In sports, like in politics, people love to make predictions. You can flip on your TV and find a dozen people being paid to sit in studios and predict what's going to happen. (In Canada the national pastime is predicting when there will be an election.) The fan who gives up when his team is still in first place is like a political pundit on a cable news show. When the team is skidding, he shouts "They're finished!" If they lose, he sneers I Told You So. If they win, no one holds him accountable for his gloomy prediction.
And some people declare they have given up, I think, because they don't want to be associated with a losing team. They think if the logo on their cap represents a winning team, this somehow reflects on them personally as winners. So if it doesn't look good for the team, better back off, rather than be tainted by a loser's logo.
Of course, for these people, the only thing that gets reflected is how superficial they are. If you're only a fan when your team is winning, you're not really a fan at all. All good teams attract pseudofans. And amazingly, the Red Sox have become one of those teams. That's a good thing.
* * * *
During the 2008 playoffs, I didn't really believe we would win. I felt like we weren't a championship team, and I had a really hard time staying optimistic - faking belief. I still watched every game, and I sweat out the seven-game ALCS with everyone else, but in my heart, I didn't believe. Allan thought I was giving up - and he wasn't too pleased. But here's the thing: I didn't give up. I kept hoping and I kept watching. I was pessimistic, but I was on board.
How many of us thought the Red Sox would come back to win the 2004 ALCS? I'd be surprised if anyone can honestly say they did. We weren't just down three games in a seven-game series. We were about to be swept. In the historical context of The Rivalry, and especially after 2003, unimaginable heartbreak was on the horizon.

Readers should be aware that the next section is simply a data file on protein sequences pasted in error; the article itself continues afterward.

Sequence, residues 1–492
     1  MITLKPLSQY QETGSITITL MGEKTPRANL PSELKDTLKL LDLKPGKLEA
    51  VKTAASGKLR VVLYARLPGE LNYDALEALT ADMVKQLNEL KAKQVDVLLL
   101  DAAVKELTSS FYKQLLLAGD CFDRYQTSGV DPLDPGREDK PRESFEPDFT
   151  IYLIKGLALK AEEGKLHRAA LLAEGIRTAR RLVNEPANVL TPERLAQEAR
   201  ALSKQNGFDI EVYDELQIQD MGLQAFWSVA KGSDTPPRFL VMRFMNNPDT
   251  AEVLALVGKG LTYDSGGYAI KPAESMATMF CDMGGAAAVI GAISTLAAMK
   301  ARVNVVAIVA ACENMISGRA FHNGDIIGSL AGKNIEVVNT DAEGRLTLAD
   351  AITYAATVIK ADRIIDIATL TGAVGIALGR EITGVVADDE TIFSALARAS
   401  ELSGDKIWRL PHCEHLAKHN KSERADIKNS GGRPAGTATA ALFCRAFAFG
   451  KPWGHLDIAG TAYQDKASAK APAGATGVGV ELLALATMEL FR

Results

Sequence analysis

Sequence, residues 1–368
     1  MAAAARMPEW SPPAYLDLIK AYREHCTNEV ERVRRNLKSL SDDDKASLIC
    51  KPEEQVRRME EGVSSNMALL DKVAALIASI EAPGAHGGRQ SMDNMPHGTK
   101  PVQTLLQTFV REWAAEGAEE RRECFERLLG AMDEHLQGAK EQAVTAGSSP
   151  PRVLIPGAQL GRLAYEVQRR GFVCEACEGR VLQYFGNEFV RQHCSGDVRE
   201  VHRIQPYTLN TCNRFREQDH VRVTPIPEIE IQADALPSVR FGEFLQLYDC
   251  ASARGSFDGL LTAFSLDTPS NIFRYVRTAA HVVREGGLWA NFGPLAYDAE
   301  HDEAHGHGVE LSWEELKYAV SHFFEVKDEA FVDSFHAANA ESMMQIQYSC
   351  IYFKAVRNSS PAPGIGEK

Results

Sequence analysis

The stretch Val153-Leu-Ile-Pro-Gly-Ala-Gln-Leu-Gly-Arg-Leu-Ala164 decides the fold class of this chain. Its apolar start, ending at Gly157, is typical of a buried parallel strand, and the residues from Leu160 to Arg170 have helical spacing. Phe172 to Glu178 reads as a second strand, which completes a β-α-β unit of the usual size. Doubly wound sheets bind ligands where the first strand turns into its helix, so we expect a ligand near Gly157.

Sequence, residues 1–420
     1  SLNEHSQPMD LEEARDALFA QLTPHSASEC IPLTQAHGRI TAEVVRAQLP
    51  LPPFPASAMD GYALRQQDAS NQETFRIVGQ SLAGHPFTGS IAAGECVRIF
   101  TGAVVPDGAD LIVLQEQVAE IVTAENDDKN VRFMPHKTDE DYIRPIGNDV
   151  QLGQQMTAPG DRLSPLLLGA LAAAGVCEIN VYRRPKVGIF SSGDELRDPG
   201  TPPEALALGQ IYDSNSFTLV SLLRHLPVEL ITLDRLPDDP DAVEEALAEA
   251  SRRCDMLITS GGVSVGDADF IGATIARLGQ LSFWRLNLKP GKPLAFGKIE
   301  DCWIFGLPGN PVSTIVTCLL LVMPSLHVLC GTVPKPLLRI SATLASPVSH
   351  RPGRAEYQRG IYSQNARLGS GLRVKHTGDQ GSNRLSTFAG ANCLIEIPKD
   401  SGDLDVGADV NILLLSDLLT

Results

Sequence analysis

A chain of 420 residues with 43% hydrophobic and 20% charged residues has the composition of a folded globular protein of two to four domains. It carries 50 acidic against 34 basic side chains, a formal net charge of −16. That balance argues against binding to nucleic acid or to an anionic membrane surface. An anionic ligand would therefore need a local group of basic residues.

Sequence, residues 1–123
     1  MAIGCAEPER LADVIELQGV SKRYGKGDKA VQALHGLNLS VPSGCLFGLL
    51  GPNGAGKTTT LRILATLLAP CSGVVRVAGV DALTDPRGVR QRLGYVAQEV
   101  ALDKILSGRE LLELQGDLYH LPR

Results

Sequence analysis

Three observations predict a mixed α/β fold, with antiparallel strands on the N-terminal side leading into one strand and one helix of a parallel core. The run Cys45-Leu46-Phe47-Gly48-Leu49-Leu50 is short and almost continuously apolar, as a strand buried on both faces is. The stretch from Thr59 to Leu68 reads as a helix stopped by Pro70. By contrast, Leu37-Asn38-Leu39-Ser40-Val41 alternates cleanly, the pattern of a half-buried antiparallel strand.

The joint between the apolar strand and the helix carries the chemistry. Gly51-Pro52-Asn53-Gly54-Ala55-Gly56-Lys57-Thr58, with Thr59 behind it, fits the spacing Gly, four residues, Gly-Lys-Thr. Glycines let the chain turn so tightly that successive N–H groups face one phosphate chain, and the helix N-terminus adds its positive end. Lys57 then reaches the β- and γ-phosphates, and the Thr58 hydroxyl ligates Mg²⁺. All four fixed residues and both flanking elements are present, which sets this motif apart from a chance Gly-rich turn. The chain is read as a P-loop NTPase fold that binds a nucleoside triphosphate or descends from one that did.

But we kept watching, and we kept hoping. We were going to watch and hope until the final out. When that final out turned out to be in Game 7, after the greatest comeback the sport has ever seen, we were rewarded - for some of us, after a lifetime of heartbreak. We weren't rewarded for our belief, but for our loyalty.
That's what shows we didn't give up. Not what we believed - because what we believed didn't matter. We might have thought the Red Sox would lose the 2004 ALCS, because at some point, that seemed the only possible outcome. We didn't know the impossible was about to happen! So belief or lack of belief is not the issue. Pessimistic doomer or pollyanna optimist, we didn't give up. We kept watching. We kept hoping.
So here's what I've decided. I don't believe the Red Sox are going to make the playoffs this season. But I'm still watching and I'm still hoping.
* * * *
I mostly watch regular-season games with a relaxed, zenlike attitude. I take it as it comes. I enjoy a great win and I dislike annoying losses, but I rarely get very upset about the outcome of any given game. I like the tension and drama of close games, and I get very caught up during pennant races or in the post-season. But in general I watch baseball on an even keel. People like to say, "Of course I get upset – I'm a fan." So am I less of a fan because I don't get upset?
On the other hand, I watch almost every game. As much as possible, I organize my life around watching or listening to almost every game. During a game, I don't answer the phone, I don't wander off for something to eat. I see friends only on off nights. I don't watch movies when there's baseball on. I don't watch other sports when there's baseball on. I know not everyone does that. Does that make me more of a fan?
No, and no. There are all different ways to be a fan.
For some of us, no longer believing we have a chance doesn't really change anything. If Allan thinks the team is out of contention (I'm not saying he does, only if), he'll watch every game and only miss a game if forced to. He'll still stay up for west coast games, still not leave his chair except between innings, still keep score.
For me it probably means a little less of everything. Less watching every pitch. Less scoreboard watching. Less waking up and going immediately to the computer to check the standings. I might even miss a game here and there. I guess it's just a slight change in attitude. Loosening the grip a little. A subtle shift in priorities.
So at this point, no, I don't believe. But I haven't given up.
What about you?